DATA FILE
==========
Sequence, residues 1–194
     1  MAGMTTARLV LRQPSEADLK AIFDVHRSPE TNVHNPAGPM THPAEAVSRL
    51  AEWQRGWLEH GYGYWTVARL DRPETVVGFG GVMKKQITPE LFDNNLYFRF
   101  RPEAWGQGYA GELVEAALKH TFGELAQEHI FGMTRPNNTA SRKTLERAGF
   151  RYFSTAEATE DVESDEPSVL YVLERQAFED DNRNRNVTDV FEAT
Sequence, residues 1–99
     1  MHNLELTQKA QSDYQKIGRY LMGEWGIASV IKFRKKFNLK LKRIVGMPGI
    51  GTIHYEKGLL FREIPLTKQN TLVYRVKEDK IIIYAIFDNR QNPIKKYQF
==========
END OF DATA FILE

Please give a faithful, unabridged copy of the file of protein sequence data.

Sequence, residues 1–194
     1  MAGMTTARLV LRQPSEADLK AIFDVHRSPE TNVHNPAGPM THPAEAVSRL
    51  AEWQRGWLEH GYGYWTVARL DRPETVVGFG GVMKKQITPE LFDNNLYFRF
   101  RPEAWGQGYA GELVEAALKH TFGELAQEHI FGMTRPNNTA SRKTLERAGF
   151  RYFSTAEATE DVESDEPSVL YVLERQAFED DNRNRNVTDV FEAT
Sequence, residues 1–99
     1  MHNLELTQKA QSDYQKIGRY LMGEWGIASV IKFRKKFNLK LKRIVGMPGI
    51  GTIHYEKGLL FREIPLTKQN TLVYRVKEDK IIIYAIFDNR QNPIKKYQF